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View Full Version : selling magazines to get points to go to college . . .


Lynwood Slim
12-20-2006, 07:07 PM
The third person came to my door in as many weeks: a roundabout presentation that they get points on how well they communicate, and if they get points they get a scholarship -- but by the end it boils down to magazine sales.

I can't seem to find out what organization is actually doing this -- they are clearly well trained, determined, but the last one came off much more than the prior ones as a con man, and when I finally got out of him he was selling magazines and that I didn't want to buy any, was rather nasty.

I'd love to find out who is behind this. How much of it is a con? Do you actually get the magazines? Do the magazine companies themselves approve of these guys?

iamthewalrus(:3=
12-20-2006, 07:22 PM
Odds are that you do get the magazines. I have a strong feeling that magazine sales are a lot like newspapers subscriptions, in that the subscriptions never actually cover the cost of the magazine, they just ensure that only interested people are really receiving the magazines. So that leaves the vast majority of the subscription price available to be used as a commission for these kinds of direct sales.

The "points for college" thing is a standard tactic of direct sales organizations that use young people. It's probably true, to some extent, although the points you get for selling a magazine probably greatly outnumber the points for not selling a magazine, and the baseline is so small that it's not worth it for anyone to continue if they aren't regularly making sales. Making it about college casts the whole experience in a more wholesome light, and getting points even when you don't sell makes the situation less adversarial than blind door-to-door sales would otherwise be. And it probably deludes some of the less bright salesmen, too, thinking that they're making real progress toward their education, when they're really just working a teenage kid job.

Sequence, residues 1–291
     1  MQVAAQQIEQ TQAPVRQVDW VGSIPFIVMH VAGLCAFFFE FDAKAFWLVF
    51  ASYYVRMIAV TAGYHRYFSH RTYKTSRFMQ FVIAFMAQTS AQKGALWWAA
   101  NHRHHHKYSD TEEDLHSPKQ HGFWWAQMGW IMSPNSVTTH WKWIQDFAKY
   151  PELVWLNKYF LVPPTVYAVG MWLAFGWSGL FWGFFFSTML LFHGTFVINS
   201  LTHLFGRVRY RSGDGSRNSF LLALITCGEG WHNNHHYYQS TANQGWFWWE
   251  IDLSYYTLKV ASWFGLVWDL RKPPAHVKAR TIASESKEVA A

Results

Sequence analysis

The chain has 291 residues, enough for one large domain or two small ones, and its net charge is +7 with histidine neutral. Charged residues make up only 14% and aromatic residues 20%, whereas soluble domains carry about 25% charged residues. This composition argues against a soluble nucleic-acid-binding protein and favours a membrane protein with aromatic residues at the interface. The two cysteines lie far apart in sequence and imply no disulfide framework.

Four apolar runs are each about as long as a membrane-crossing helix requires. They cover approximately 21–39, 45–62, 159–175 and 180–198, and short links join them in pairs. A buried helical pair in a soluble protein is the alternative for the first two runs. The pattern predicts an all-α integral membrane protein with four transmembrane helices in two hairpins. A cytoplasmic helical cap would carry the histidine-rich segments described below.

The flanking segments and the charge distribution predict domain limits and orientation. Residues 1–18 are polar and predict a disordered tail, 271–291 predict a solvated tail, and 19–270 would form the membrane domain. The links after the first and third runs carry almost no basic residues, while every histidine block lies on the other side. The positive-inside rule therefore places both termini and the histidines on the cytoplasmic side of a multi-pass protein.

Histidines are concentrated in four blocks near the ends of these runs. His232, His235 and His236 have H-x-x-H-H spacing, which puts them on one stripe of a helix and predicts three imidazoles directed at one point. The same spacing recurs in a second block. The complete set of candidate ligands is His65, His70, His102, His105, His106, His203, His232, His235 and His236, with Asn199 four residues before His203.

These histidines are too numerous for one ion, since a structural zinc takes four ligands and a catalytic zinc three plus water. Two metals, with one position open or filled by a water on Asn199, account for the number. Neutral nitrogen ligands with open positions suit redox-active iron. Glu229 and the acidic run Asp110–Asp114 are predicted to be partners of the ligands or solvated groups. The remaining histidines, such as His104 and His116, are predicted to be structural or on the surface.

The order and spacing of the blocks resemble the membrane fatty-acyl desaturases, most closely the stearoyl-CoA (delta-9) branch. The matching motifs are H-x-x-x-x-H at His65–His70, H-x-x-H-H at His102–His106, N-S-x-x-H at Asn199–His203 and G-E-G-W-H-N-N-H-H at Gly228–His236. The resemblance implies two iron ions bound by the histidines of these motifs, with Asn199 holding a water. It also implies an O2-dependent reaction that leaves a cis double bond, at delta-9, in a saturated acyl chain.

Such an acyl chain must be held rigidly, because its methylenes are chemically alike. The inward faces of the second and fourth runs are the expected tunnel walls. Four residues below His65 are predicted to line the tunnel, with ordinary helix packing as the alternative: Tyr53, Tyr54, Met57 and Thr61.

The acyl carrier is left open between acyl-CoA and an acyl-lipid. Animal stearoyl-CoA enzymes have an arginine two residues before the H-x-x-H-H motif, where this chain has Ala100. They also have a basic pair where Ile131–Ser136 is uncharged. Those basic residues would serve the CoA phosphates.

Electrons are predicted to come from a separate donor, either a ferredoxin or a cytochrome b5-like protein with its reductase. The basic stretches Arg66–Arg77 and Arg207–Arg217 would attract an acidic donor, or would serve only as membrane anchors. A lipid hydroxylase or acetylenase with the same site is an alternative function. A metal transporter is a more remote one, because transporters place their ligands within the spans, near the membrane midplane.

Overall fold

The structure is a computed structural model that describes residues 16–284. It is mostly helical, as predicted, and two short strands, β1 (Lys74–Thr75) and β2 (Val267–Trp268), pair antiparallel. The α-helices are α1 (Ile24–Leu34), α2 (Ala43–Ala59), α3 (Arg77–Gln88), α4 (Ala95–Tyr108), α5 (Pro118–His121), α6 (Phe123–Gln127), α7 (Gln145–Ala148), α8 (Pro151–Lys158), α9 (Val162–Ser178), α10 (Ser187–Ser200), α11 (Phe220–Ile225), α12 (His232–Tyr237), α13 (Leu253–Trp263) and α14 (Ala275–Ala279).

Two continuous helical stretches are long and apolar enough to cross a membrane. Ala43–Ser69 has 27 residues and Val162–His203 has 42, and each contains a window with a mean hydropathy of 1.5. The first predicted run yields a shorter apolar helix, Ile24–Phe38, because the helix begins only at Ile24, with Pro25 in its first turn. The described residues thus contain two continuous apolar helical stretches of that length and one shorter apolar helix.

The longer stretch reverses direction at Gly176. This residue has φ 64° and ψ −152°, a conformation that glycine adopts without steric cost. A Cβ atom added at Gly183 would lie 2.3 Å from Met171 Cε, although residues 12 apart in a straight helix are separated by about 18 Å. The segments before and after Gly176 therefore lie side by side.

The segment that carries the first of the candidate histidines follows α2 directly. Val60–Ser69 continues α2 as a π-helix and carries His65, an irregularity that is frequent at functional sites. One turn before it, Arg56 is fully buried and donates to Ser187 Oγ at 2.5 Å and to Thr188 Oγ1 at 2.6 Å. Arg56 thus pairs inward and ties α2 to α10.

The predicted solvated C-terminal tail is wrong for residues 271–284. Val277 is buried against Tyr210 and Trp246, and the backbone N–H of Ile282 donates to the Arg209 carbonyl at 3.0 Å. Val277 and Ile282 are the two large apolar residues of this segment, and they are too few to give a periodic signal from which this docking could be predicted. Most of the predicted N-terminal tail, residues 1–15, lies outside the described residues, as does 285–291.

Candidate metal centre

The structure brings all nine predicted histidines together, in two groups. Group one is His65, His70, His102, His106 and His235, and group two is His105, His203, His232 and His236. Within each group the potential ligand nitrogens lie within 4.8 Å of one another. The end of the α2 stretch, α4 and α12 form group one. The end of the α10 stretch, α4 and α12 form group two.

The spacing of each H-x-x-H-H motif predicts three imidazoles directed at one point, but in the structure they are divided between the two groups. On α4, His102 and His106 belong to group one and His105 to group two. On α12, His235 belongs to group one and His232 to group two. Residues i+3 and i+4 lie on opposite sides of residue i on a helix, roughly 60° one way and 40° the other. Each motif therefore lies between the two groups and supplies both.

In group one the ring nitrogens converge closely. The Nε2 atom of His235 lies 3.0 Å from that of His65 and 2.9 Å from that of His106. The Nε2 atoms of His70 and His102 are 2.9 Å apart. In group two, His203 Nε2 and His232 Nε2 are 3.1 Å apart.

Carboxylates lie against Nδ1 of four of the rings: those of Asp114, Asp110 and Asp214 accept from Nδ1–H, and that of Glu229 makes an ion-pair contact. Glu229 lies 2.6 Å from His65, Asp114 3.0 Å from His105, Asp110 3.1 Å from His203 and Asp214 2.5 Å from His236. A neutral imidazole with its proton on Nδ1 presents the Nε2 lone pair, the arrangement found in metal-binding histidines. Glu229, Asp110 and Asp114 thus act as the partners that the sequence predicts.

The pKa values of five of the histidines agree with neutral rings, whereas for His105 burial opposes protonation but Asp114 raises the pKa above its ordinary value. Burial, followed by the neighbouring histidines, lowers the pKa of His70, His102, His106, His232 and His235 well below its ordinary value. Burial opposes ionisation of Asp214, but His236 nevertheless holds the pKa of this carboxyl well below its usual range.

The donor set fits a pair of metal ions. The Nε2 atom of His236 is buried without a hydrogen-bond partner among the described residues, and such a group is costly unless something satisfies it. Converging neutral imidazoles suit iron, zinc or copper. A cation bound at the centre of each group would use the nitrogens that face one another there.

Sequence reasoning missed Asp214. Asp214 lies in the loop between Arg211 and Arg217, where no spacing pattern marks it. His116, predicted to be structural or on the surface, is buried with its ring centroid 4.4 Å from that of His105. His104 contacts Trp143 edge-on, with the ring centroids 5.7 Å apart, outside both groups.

I worked selling Cutco knives for one summer after high school, and they used the same kinds of tactics.

Shagnasty
12-20-2006, 07:27 PM
You do get the magazines so it isn't a con in that sense. Magazine publishers have a zillion different groups hawking their subscriptions so I don't think they care much.

The college student line may or may not be true. What is true is that they are selling subscriptions at inflated rates using a hard sell approach.

I fell for it once while I was in college myself. This young later knocked on my dorm room door and told me she was from Princeton and needed to raise money for college tuition. I bought one and should have been kicked out of college right then for general stupidity because we were 2000 miles from Princeton and it was the middle of the term. I received the magazines though.

Auntbeast
12-20-2006, 07:51 PM
I've been suckered twice, never got the magazines, but boy did they cash the checks.

spingears
12-20-2006, 09:23 PM
The third person came Too many salesmen with so little of my time to waste. The most recent started his spiel and I responded.
"I'm not buying any. I installed a central system (vacuum) myself."
He then handed me a tract from a religious organization that perpetrates a fraudulent version of religion.
He left and the tract went to recycle. So much for a gang sales force filling a 16 passenger van working the area. :rolleyes:
The poor kids get scammed as bad or worse that the buyers of their questionable promotion(s).
"No Thank You," I'll take a pass.

Governor Quinn
12-20-2006, 11:00 PM
I was hit up in my dorm room once by someone using a similar scheme.

In that particular case, it was rather annoying due to the fact that the solicitor 1) should not have been soliciting, under the dorm rules, and, 2) the solicitor lied to me and claimed it would be help filling a survey until I opened the door and let her in.

Fortunately, I managed to summon an RA quickly enough to be able to get out of it without making a purchase.

diku
12-20-2006, 11:07 PM
Yeah, we've had those kids. Typically it's a group that is brought into an area together, they then go hit all the houses or apartments in the area. It'll be college money, or points in some communications contest, or something like that. I've even been hit up at the mall by one.